About 15 members of the R.I. Science Fiction Club attended our monthly meeting on April 11, 2015. The theme was "5 Minute Introductions", and members discussed their interests in everything from Alternative Fiction, video games, ShadowRun, Anime, and more.
Historian Christian Henry Tobler will be master of ceremonies for the annual gathering to recognize the life and works of H.P. Lovecraft on Sunday, April 12, 2015, 3 to 4 pm, at the Ladd Observatory, 210 Doyle Avenue, Providence, RI.
The event, marking the 78th anniversary of the passing of the horror writer, is free and open to the public.
For more information, send an email to Carl L. Johnson, one of the organizers, at email@example.com
ABC Family is branching out from its typical family dramas and making room in its lineup for an epic fantasy saga.
The network, most famous for shows like Pretty Little Liars and Switched at Birth, has ordered 13 episodes of Shadowhunters, a new drama based on the The Mortal Instruments, a series of young adult novels by Cassandra Clare.
In the books, Clary Fray is an 18-year-old girl who learns that she comes from a long line of Shadowhunters, a.k.a. human-angel hybrids who hunt demons and protect the innocent. When her mother disappears, Clary finds herself thrown into the dangerous world of the Shadowhunters, home to a mysterious and extremely attractive Shadowhunter named Jace.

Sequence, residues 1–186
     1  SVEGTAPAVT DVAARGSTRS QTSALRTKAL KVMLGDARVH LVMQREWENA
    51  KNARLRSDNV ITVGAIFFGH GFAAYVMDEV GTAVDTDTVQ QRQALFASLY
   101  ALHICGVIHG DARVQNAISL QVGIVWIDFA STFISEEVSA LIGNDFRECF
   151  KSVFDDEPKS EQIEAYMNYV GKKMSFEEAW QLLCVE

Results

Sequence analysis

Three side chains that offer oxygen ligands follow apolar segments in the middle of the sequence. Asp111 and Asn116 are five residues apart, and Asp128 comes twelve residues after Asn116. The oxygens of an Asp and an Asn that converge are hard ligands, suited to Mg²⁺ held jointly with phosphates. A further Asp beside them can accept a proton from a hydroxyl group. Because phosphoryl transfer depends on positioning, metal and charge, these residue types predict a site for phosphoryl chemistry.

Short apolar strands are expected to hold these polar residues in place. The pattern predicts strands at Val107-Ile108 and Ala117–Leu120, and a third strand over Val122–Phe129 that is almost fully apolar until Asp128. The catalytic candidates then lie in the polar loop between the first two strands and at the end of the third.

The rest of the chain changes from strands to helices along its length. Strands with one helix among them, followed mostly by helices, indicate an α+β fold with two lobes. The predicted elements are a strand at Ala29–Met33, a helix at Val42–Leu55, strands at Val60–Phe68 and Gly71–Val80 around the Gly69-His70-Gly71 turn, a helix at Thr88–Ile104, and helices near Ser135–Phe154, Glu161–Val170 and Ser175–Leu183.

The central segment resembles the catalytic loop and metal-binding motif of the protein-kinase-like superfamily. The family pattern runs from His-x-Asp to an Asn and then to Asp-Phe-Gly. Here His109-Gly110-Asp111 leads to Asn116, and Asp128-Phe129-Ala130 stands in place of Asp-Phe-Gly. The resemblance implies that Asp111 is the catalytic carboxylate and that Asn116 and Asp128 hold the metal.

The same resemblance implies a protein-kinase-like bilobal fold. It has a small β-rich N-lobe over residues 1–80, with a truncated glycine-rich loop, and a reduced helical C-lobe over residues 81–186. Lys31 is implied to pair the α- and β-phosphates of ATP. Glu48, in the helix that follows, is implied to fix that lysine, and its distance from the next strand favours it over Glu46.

Along for the ride are her best friend Simon and fellow Shadowhunters Izzy and Alec. In a world where fairies, warlocks, vampires, and werewolves are real, Clary begins a journey of self-discovery as she uncovers her hidden family history.
Shadowhunters is just the latest adaptation of The Mortal Instruments series. The first book in the series, City of Bones, was adapted for the big screen in 2013, with Lily Collins and Jamie Campbell Bower taking on the roles of Clary and Jace. Plans for a feature film franchise were abandoned when the movie failed to impress at the box office. That's probably for the best, though, because television is a much better fit for the series' complicated and complex mythology.
Casting for Shadowhunters' first season will be announced at a later date. Ed Decter (Helix) is on board as an executive producer and showrunner.
Three crew members arrived at the International Space Station, and two of them will be living there for one year.
NASA astronaut Scott Kelly and cosmonaut Mikhail Kornienko are expected to spend about 342 days living and working on the International Space Station — marking the orbiting outpost's first yearlong space mission. Cosmonaut Gennady Padalka also joined Kornienko and Kelly on the Russian Soyuz spacecraft that docked with the space station on Friday, March 27, 2015, at 8:33 p.m. EDT. Padalka will stay on the space station for about six months, the usual amount of time people live on the space laboratory.
Kelly's twin brother and former astronaut Mark Kelly will also participate in experiments on Earth to help researchers studying his brother in space. The identical twins will be monitored in a variety of ways throughout the mission and after Scott comes home to help scientists understand how the long-term mission might alter Scott by comparison to his brother.
When Marvel Comics begins its Secret Wars story in May 2015, it will also be ending 33 comics in its lineup.